Two-thirds of out-of-hospital cardiac arrest patients, who survive to hospital admission, die in the hospital from neurological injuries related to cerebral hypoperfusion. Hyperspectral near infrared spectroscopy (hNIRS) is a noninvasive technique that measures the major chromophores in the brain, such as oxygenated hemoglobin, deoxygenated hemoglobin and cytochrome C oxidase ([CCO]), an intracellular marker of oxygen consumption. We have demonstrated that hNIRS is feasible and can detect changes in cerebral oxygenation and metabolism in patients undergoing transcatheter aortic valve insertion (TAVI) – a procedure that temporarily induces sudden hypotension and hypoperfusion that mimics cardiac arrest. Using multi-distance hNIRS, we found that while measured regional oxygen saturation (rSO2) changes resulted mainly from the extra-cerebral tissues, [CCO] changes during cardiac arrests occurred mainly in the brains of patients. We also applied the hNIRS algorithm based on the “2-layer model” to the data to measure cerebral oxygen saturation and [CCO] in patients during the procedure.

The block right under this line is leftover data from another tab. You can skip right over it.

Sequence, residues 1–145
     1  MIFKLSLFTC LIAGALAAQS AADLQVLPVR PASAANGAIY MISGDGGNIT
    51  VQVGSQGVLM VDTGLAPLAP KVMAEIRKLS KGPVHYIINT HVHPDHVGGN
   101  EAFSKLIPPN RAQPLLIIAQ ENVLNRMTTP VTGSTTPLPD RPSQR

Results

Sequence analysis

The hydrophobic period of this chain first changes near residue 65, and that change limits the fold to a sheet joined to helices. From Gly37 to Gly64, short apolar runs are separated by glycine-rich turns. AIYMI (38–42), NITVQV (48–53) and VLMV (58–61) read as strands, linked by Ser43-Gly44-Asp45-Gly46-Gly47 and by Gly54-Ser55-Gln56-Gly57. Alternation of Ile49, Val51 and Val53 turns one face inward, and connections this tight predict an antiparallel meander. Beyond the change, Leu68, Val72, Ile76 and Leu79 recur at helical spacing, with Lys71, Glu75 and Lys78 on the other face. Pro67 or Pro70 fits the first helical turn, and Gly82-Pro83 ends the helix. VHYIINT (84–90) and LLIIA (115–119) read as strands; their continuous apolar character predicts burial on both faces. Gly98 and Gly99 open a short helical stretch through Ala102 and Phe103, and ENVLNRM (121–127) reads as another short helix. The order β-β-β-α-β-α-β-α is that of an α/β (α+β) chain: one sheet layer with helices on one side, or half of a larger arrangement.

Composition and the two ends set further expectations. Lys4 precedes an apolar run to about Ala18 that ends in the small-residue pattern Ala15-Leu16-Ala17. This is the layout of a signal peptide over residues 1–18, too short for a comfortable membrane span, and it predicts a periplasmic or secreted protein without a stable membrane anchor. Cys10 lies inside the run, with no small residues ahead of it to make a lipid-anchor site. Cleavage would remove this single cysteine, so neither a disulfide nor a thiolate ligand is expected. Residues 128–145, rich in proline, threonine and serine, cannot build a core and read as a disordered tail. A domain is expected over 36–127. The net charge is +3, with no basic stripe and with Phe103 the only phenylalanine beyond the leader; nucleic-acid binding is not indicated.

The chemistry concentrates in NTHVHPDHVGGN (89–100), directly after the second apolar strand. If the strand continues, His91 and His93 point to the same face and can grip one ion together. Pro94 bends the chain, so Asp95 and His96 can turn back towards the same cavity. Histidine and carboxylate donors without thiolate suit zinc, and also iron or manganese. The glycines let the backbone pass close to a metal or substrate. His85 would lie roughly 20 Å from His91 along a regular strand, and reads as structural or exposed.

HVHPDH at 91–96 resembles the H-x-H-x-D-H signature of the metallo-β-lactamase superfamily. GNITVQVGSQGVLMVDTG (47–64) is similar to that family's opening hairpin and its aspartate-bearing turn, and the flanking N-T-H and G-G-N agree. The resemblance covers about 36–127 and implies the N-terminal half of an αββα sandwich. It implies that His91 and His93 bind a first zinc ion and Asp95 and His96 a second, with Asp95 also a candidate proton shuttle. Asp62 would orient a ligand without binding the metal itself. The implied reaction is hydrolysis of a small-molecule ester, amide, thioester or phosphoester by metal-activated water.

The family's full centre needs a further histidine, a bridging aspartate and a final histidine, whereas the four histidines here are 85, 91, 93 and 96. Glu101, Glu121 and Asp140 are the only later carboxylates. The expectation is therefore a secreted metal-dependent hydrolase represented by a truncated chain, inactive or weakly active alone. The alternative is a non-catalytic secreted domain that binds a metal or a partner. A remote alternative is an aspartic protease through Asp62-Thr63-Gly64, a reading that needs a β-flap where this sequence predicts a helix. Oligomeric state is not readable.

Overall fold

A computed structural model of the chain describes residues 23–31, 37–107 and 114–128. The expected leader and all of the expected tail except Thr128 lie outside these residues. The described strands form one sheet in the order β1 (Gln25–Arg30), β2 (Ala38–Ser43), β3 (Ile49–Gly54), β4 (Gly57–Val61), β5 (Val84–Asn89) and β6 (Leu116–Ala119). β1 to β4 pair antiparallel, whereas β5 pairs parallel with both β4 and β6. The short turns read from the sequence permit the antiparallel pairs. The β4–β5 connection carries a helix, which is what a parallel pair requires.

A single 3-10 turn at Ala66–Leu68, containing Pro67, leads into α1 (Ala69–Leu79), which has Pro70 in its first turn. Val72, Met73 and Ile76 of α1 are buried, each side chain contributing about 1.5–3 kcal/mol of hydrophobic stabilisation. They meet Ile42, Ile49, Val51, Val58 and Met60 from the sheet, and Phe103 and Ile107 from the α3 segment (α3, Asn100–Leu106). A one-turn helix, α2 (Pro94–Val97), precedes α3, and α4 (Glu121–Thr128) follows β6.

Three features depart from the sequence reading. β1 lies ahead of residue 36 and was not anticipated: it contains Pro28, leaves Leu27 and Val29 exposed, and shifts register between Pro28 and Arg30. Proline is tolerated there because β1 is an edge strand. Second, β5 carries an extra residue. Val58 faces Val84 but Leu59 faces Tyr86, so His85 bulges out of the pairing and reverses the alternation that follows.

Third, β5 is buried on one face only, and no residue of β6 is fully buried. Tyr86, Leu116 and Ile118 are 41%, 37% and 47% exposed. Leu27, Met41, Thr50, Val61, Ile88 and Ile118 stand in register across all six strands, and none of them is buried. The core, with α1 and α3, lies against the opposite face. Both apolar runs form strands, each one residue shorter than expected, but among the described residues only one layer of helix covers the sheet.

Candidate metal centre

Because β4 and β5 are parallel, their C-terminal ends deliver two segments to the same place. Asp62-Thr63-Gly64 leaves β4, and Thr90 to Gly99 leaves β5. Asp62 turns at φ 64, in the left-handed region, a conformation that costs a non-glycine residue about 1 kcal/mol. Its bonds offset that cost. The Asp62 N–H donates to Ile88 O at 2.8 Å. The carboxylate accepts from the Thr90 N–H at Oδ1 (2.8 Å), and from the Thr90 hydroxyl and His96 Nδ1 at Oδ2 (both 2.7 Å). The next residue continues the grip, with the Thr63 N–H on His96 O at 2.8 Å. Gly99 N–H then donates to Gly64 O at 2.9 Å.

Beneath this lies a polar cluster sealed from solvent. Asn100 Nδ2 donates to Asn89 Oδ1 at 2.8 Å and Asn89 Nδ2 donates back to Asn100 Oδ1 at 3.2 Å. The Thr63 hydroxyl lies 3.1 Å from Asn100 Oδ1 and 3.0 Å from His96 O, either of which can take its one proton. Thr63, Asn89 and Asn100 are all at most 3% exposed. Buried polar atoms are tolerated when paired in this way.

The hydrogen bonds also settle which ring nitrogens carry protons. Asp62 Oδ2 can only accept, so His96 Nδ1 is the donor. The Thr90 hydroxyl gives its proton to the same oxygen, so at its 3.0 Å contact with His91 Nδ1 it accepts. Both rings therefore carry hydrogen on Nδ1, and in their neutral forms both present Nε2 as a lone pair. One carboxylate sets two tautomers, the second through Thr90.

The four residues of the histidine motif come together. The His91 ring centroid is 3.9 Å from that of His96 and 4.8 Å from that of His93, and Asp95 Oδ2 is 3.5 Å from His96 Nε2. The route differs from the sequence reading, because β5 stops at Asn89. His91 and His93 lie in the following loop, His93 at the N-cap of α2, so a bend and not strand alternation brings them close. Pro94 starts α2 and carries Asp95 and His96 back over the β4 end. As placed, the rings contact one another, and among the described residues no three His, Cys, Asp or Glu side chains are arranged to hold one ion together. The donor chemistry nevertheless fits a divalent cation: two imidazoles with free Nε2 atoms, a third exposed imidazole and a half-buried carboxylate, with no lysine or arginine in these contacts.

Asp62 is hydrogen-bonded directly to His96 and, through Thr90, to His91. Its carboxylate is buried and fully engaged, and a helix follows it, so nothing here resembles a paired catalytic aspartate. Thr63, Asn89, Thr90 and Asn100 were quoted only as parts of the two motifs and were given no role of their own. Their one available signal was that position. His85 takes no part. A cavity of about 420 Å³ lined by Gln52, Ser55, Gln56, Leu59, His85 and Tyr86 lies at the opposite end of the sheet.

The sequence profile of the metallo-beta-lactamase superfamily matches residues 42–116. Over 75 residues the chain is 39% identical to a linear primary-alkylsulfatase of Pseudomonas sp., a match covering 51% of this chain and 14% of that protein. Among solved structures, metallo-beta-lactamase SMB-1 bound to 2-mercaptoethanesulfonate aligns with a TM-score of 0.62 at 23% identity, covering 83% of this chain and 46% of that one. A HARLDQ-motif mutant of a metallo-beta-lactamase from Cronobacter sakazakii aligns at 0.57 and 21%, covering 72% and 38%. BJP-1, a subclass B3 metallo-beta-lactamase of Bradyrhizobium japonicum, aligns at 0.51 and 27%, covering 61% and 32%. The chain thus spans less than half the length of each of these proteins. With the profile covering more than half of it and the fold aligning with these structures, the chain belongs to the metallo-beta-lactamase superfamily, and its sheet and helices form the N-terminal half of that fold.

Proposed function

In this series of animal experiments on resuscitation after cardiac arrest we had a unique opportunity to measure
hyperspectral near-infrared spectroscopy (hNIRS) parameters directly on the brain dura, or on the brain through the
intact pig skull, and simultaneously the muscle hNIRS parameters. Simultaneously the arterial blood pressure and carotid
and femoral blood flow were recorded in real time using invasive sensors. We used a novel hyperspectral signalprocessing
algorithm to extract time-dependent concentrations of water, hemoglobin, and redox state of cytochrome c
oxidase during cardiac arrest and resuscitation. In addition in order to assess the validity of the non-invasive brain
measurements the obtained results from the open brain was compared to the results acquired through the skull. The
comparison of hNIRS data acquired on brain surface and through the adult pig skull shows that in both cases the
hemoglobin and the redox state cytochrome c oxidase changed in similar ways in similar situations and in agreement
with blood pressure and flow changes. The comparison of simultaneously measured brain and muscle changes showed
expected differences. Overall the results show feasibility of transcranial hNIRS measurements cerebral parameters
including the redox state of cytochrome oxidase in human cardiac arrest patients.